Cass County backs west-side flood diversion project
FARGO The Cass County Commission unanimously approved a resolution on Monday supporting a flood diversion project on the North Dakota side of the Red River, echoing a move recently taken by the county's joint watershed board. County commissioners...
The Cass County Commission unanimously approved a resolution on Monday supporting a flood diversion project on the North Dakota side of the Red River, echoing a move recently taken by the county's joint watershed board.
County commissioners stressed the resolution doesn't mean they won't consider other options or information, but a North Dakota diversion is their preferred choice "based on what we know right now," Commissioner Darrell Vanyo said.
The commission approved the resolution after hearing from Tom Fischer, a member of the Cass County Joint Water Resource District board, which has gone on record supporting a North Dakota diversion, as opposed to a diversion channel near Dilworth on the Minnesota side of the Red River.
Fischer acknowledged that a Minnesota diversion has the best benefit-to-cost ratio, based on U.S. Army Corps of Engineers figures, but he said the potential resistance would also be greatest with that option.
The city of Dilworth is on record opposing a Minnesota diversion, and a number of property owners in rural Clay County have also expressed concerns.
Fischer said a North Dakota diversion doesn't yet meet the benefit-to-cost threshold necessary to receive federal funding, but he said he's confident that will change once the transportation costs of closing Interstate 29 during a flood are figured in.
Federal funding could be in the neighborhood of $700 million, he said.
Five of six Minnesota diversion options, with estimated price tags ranging from $962 million to $1.26 billion, meet the corps' standard for federal funding.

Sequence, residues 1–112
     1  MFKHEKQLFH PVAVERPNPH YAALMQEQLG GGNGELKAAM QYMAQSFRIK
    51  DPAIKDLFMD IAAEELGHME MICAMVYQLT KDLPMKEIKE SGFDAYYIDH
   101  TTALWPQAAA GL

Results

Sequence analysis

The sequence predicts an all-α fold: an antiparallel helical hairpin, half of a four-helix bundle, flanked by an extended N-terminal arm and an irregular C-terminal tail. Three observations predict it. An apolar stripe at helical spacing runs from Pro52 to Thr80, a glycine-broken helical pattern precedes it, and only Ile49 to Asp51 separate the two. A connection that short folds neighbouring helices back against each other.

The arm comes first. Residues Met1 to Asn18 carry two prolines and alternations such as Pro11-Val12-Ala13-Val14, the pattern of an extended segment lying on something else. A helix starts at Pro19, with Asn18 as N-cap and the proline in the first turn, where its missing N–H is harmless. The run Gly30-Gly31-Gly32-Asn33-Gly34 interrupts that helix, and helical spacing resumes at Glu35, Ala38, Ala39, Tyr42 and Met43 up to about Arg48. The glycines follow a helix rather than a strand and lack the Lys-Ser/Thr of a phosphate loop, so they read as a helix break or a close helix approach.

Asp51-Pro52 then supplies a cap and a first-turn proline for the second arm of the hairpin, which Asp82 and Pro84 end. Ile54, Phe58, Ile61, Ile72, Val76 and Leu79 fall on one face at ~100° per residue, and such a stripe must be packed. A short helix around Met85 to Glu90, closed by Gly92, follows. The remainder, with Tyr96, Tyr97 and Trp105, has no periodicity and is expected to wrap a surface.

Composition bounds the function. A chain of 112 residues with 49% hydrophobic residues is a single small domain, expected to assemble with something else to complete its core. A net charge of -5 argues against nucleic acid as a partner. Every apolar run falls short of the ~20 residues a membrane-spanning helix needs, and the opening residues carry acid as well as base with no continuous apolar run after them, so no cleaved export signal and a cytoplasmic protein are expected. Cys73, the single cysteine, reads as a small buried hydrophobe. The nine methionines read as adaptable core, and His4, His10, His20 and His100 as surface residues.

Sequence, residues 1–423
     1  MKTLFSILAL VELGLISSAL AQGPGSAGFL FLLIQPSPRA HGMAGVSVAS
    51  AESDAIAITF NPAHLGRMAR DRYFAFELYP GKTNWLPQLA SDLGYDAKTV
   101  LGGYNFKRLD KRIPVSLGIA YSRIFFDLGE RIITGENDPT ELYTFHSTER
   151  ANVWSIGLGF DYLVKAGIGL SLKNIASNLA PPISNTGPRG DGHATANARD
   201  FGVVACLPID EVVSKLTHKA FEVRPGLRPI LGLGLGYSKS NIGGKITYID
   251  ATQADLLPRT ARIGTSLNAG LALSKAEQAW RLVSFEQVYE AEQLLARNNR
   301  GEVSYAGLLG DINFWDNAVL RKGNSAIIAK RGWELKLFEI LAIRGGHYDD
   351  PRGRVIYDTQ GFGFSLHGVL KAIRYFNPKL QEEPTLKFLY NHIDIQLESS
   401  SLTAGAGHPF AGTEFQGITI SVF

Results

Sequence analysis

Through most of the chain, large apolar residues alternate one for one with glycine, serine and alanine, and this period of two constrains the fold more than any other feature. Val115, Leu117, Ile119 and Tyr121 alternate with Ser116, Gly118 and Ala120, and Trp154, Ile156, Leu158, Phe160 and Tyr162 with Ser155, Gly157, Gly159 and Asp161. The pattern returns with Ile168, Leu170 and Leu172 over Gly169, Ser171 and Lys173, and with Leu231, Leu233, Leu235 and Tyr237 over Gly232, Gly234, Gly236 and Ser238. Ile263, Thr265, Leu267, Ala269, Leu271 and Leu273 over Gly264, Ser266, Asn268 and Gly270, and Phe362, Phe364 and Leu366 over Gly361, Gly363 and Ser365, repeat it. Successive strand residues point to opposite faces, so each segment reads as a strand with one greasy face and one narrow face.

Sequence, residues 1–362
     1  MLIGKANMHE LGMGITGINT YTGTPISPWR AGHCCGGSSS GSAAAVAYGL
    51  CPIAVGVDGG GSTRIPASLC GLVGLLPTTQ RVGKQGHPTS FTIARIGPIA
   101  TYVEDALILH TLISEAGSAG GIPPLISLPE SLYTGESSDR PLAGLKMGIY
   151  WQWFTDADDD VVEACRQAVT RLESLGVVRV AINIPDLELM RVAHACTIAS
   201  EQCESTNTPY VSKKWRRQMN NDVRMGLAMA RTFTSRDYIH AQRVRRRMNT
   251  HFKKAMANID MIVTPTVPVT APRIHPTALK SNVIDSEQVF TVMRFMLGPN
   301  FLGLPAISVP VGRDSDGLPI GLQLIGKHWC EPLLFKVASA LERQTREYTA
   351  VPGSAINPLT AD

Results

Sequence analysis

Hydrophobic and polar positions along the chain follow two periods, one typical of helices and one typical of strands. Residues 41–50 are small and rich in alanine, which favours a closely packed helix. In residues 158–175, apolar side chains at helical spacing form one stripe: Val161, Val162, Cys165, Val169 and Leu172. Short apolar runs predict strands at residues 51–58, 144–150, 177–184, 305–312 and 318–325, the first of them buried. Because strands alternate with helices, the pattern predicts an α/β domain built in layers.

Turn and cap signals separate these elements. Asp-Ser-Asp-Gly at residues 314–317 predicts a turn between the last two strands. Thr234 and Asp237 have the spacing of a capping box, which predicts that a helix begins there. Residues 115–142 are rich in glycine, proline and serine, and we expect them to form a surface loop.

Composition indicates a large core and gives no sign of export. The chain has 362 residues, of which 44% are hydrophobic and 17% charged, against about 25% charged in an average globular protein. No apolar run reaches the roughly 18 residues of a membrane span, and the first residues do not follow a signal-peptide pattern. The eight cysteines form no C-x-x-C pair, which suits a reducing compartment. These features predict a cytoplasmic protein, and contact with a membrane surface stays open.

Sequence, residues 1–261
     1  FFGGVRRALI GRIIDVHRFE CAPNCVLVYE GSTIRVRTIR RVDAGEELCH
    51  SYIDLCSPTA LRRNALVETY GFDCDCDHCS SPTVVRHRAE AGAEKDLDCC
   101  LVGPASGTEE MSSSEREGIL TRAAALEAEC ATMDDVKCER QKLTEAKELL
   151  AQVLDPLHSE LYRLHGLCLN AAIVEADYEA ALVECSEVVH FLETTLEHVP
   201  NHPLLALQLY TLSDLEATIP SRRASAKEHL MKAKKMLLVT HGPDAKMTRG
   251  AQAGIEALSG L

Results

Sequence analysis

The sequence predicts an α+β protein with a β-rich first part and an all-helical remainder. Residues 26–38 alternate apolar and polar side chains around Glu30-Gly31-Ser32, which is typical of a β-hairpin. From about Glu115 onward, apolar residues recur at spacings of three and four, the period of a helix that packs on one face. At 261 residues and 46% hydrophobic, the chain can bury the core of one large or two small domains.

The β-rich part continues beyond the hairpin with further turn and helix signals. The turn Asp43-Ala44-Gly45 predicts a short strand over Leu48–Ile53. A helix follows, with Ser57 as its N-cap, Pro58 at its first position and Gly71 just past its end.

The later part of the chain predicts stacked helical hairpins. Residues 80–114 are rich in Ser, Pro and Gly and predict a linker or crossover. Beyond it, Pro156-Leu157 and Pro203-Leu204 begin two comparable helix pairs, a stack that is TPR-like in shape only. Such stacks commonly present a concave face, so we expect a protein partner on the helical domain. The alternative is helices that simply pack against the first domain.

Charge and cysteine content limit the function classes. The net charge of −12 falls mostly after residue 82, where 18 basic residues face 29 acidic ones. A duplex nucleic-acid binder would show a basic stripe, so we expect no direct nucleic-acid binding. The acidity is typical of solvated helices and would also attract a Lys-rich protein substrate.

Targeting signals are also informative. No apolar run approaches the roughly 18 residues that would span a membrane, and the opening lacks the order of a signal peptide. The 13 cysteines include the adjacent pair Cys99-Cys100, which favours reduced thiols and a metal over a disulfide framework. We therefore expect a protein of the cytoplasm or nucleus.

Two North Dakota diversion options, estimated to cost $1.34 billion and $1.36 billion, do not.
The joint water resource board has agreed to throw its taxing authority behind a North Dakota diversion and on Monday Fischer reaffirmed the board's willingness to sponsor a project.
The joint water resource district board is comprised of representatives from the Southeast Cass Water Resource District, and the Maple River, North Cass and Rush River water resource districts.
Metro group to meet Cass County Commissioner Scott Wagner said potential sources for the local share of a diversion's cost include special assessments, a sales tax and a dedicated fund financed by property taxes if approved by voters.
Wagner said information about Monday's resolution of support will be shared at a meeting on Thursday of members of the Metropolitan Flood Management Committee.
The committee, whose members include representatives from the Cass and Clay county commissions and the cities of Fargo and Moorhead, is working on selecting a permanent flood protection option by December.
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